Contents: The department’s course description reads:

Euclidean, non-Euclidean, and projective geometries from an axiomatic point of view.

We will discuss the axiomatic systems for geometry that the textbook discusses, but also discuss axiomatics in general, and their role in modern mathematics. This is a theoretical course, and you are expected to produce proofs on your own as required.

Grading: Based on homework. Some routine problems will be assigned frequently, to be turned in from one lecture to the next, and some more challenging problems will be posted periodically, and more time will be provided for those. No extensions will be granted, and no late work will be accepted. I expect there will be no exams, but if we see the need, you will be informed reasonably in advance. Even if you collaborate with others and work in groups, the work you turn in should be written on your own. Give credit as appropriate: Make sure to list all books, websites, and people you collaborated with or consulted while working on the homework. If relevant, indicate what software packages you used, and include any programs you may have written, or additional data. Failure to provide credit or to indicate these sources will affect your grade.

I may ask you to meet with me to discuss details of homework sets, and I suggest that before you turn in your work, you make a copy, so you can consult it if needed.

Occasionally, I post links to supplementary material on Google+ and Twitter.

Advertisements

Like this:

LikeLoading...

Related

This entry was posted on Monday, January 12th, 2015 at 11:12 am and is filed under 311: Foundations of geometry. You can follow any responses to this entry through the RSS 2.0 feed.
You can leave a response, or trackback from your own site.

(As I pointed out in a comment) yes, partial Woodinness is common in arguments in inner model theory. Accordingly, you obtain determinacy results addressing specific pointclasses (typically, well beyond projective). To illustrate this, let me "randomly" highlight two examples: See here for $\Sigma^1_2$-Woodin cardinals and, more generally, the noti […]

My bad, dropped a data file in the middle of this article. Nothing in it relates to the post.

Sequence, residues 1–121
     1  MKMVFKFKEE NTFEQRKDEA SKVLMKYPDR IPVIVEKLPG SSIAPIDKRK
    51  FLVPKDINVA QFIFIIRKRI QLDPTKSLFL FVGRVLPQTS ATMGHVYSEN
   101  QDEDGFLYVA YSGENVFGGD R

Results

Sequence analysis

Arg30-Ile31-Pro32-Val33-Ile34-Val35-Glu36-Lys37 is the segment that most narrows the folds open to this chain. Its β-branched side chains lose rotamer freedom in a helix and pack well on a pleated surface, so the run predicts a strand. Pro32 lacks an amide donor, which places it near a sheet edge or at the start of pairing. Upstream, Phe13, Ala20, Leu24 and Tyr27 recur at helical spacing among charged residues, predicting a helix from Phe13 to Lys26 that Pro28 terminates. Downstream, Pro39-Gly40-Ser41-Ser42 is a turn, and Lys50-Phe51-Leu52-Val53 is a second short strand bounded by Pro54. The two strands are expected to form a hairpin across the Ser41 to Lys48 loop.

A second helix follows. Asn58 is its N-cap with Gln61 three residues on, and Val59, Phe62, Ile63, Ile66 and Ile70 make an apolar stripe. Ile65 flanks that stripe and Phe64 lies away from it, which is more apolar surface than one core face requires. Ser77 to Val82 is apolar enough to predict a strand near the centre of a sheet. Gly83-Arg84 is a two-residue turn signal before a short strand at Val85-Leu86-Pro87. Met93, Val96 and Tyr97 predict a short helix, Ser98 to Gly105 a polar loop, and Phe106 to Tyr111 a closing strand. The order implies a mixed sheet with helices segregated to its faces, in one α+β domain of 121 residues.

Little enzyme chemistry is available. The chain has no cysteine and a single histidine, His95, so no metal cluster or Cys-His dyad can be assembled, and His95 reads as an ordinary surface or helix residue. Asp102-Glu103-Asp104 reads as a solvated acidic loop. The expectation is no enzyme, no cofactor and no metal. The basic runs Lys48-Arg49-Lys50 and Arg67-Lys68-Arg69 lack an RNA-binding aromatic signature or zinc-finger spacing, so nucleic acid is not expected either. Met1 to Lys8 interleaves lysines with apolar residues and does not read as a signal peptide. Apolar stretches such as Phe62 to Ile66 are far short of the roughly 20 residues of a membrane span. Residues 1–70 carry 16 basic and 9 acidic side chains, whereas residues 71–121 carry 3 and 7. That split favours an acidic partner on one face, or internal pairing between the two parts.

I am not sure which statement you heard as the "Ultimate $L$ axiom," but I will assume it is the following version: There is a proper class of Woodin cardinals, and for all sentences $\varphi$ that hold in $V$, there is a universally Baire set $A\subseteq{\mathbb R}$ such that, letting $\theta=\Theta^{L(A,{\mathbb R})}$, we have that $HOD^{L(A,{\ma […]

A Wadge initial segment (of $\mathcal P(\mathbb R)$) is a subset $\Gamma$ of $\mathcal P(\mathbb R)$ such that whenever $A\in\Gamma$ and $B\le_W A$, where $\le_W$ denotes Wadge reducibility, then $B\in\Gamma$. Note that if $\Gamma\subseteq\mathcal P(\mathbb R)$ and $L(\Gamma,\mathbb R)\models \Gamma=\mathcal P(\mathbb R)$, then $\Gamma$ is a Wadge initial se […]

Craig: For a while, there was some research on improving bounds on the number of variables or degree of unsolvable Diophantine equations. Unfortunately, I never got around to cataloging the known results in any systematic way, so all I can offer is some pointers to relevant references, but I am not sure of what the current records are. Perhaps the first pape […]

Yes. Consider, for instance, Conway's base 13 function $c$, or any function that is everywhere discontinuous and has range $\mathbb R$ in every interval. Pick continuous bijections $f_n:\mathbb R\to(-1/n,1/n)$ for $n\in\mathbb N^+$. Pick a strictly decreasing sequence $(x_n)_{n\ge1}$ converging to $0$. Define $f$ by setting $f(x)=0$ if $x=0$ or $\pm x_n […]

One way we formalize this "limitation" idea is via interpretative power. John Steel describes this approach carefully in several places, so you may want to read what he says, in particular at Solomon Feferman, Harvey M. Friedman, Penelope Maddy, and John R. Steel. Does mathematics need new axioms?, The Bulletin of Symbolic Logic, 6 (4), (2000), 401 […]

"There are" examples of discontinuous homomorphisms between Banach algebras. However, the quotes are there because the question is independent of the usual axioms of set theory. I quote from the introduction to W. Hugh Woodin, "A discontinuous homomorphism from $C(X)$ without CH", J. London Math. Soc. (2) 48 (1993), no. 2, 299-315, MR1231 […]

This is Hausdorff's formula. Recall that $\tau^\lambda$ is the cardinality of the set ${}^\lambda\tau$ of functions $f\!:\lambda\to\tau$, and that $\kappa^+$ is regular for all $\kappa$. Now, there are two possibilities: If $\alpha\ge\tau$, then $2^\alpha\le\tau^\alpha\le(2^\alpha)^\alpha=2^\alpha$, so $\tau^\alpha=2^\alpha$. In particular, if $\alpha\g […]

Fix a model $M$ of a theory for which it makes sense to talk about $\omega$ ($M$ does not need to be a model of set theory, it could even be simply an ordered set with a minimum in which every element has an immediate successor and every element other than the minimum has an immediate predecessor; in this case we could identify $\omega^M$ with $M$ itself). W […]

The study of finite choice axioms is quite interesting. Besides the reference given in Asaf's answer, there are a few papers covering this topic in detail. If you can track it down, I suggest you read MR0360275 (50 #12725) Reviewed. Conway, J. H. Effective implications between the "finite'' choice axioms. In Cambridge Summer School in Mat […]